Many of you are probably aware of the "joule thief" circuit. If you aren't, it's a very simple voltage booster that is normally used to power an LED off of a mostly dead AA battery, but it can be used for other applications where a voltage boost is needed. One such application is charging a battery off of a battery with a smaller volatge rating. There are designs out there for battery chargers using a 9 volt battery and then step down the voltage to the level of the battery to be charged. But this circuit uses any single battery with a rating of 1.5 volts, such as a AA, C, or D battery, and bumps the voltage up to a level that can charge a battery with a voltage rating of 5 volts or lower. This curcuit is extremely simple, dirt cheap, and can be built in an afternoon using parts taken from other old devices.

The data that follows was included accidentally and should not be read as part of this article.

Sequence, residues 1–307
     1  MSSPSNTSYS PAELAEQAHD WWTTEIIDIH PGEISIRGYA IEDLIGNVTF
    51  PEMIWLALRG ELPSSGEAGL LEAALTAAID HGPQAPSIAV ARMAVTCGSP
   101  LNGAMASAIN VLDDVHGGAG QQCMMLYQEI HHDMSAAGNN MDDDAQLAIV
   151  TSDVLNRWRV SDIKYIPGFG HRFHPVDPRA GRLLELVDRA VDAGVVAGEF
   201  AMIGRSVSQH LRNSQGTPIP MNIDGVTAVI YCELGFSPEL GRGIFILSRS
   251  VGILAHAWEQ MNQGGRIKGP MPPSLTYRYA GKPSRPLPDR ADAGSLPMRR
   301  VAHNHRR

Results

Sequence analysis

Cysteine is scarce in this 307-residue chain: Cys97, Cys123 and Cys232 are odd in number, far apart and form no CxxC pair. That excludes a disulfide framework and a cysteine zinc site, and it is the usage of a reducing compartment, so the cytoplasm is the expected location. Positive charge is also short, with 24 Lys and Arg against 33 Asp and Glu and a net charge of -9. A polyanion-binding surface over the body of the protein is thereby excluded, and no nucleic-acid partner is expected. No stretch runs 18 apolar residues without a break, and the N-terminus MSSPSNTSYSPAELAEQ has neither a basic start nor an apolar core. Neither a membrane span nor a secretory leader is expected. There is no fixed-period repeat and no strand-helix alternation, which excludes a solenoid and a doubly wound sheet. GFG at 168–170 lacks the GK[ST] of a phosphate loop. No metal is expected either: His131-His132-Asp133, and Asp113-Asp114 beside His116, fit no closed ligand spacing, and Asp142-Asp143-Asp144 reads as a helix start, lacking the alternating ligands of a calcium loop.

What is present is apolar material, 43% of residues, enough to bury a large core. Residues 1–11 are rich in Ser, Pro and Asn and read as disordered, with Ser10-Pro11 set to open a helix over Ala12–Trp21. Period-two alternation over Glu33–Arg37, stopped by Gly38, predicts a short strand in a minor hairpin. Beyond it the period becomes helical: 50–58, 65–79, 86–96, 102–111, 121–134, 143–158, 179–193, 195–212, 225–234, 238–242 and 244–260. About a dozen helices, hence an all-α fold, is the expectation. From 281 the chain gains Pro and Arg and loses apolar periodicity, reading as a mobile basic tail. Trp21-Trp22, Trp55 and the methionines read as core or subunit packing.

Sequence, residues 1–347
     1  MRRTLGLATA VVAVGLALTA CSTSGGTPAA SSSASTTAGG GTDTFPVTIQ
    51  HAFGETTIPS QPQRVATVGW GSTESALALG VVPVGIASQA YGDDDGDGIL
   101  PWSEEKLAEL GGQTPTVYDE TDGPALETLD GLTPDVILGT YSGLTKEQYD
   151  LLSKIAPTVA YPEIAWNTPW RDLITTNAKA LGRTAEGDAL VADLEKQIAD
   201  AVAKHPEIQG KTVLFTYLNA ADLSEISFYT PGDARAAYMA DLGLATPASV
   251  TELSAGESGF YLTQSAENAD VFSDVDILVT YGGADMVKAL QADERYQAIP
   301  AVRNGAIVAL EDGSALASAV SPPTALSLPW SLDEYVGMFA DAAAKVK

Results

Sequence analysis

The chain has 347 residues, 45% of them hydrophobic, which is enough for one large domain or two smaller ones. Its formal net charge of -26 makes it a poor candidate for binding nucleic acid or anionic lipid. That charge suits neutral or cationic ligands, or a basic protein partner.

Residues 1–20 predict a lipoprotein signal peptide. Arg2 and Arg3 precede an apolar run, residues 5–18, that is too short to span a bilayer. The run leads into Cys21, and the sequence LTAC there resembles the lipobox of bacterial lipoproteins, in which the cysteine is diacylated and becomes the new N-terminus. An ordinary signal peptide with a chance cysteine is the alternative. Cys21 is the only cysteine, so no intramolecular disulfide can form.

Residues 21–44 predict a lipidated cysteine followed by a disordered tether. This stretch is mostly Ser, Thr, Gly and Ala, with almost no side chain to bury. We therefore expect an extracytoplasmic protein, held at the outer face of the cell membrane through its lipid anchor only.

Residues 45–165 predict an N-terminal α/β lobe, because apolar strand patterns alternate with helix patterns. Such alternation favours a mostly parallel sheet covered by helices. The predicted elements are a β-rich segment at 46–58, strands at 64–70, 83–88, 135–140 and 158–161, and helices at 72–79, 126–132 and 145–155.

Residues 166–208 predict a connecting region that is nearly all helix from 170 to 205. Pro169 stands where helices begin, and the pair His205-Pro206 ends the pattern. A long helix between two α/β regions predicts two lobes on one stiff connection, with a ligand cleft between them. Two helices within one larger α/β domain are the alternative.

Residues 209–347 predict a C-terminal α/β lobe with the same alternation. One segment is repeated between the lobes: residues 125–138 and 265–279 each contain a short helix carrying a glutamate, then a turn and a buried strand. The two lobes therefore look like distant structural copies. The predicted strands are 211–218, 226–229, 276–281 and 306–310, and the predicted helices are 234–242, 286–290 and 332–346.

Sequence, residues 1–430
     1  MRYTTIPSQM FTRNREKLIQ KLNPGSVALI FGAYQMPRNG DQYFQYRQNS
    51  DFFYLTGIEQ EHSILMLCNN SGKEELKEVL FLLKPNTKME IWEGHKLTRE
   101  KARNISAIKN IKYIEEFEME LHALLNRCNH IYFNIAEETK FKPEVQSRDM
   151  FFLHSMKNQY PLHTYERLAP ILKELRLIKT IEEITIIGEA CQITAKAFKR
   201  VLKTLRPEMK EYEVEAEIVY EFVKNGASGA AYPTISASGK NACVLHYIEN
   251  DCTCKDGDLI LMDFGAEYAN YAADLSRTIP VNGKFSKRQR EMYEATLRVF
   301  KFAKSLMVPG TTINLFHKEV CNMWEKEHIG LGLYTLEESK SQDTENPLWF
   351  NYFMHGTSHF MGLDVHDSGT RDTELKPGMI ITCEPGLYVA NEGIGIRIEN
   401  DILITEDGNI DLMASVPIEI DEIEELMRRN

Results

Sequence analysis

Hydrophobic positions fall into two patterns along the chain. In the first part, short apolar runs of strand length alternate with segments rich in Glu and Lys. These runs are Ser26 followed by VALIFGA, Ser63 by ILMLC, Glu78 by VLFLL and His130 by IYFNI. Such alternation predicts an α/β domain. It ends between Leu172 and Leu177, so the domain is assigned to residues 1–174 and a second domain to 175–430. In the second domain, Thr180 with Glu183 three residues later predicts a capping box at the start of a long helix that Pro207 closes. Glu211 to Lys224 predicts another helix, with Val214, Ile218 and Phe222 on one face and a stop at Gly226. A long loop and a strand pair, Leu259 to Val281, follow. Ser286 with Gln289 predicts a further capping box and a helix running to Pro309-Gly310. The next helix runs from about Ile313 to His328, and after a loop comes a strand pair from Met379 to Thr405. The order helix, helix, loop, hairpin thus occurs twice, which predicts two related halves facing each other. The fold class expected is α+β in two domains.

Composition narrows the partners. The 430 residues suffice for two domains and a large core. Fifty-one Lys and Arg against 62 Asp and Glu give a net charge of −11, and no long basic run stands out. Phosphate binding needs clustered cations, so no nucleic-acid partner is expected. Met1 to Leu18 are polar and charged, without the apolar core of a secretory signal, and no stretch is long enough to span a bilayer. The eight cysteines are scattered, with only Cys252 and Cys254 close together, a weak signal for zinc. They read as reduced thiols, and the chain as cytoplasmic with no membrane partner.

Step 1: Parts and Pieces
Parts for the charger include:
2N3904 NPN transistor
1K ohm resistor
Toroid transformer core
SPST Switch (not pictured)
A word about some of the parts:
The toroid core can be any size, but nothing fancy or big is needed. A small toroid is probably better just because it is more compact. Only one toroid is used in the circuit, but two are pictured for size reference.
The diode can be just about any diode, but the lower the forward voltage drop, the better. Germanium diodes work the best. To find the forward voltage drop, simply hook a diode up to a battery, and measure the difference in voltage with and without the diode in the circuit. If the voltage drop is about equal to the voltage being supplied, make sure the diode isn't hooked up backwards.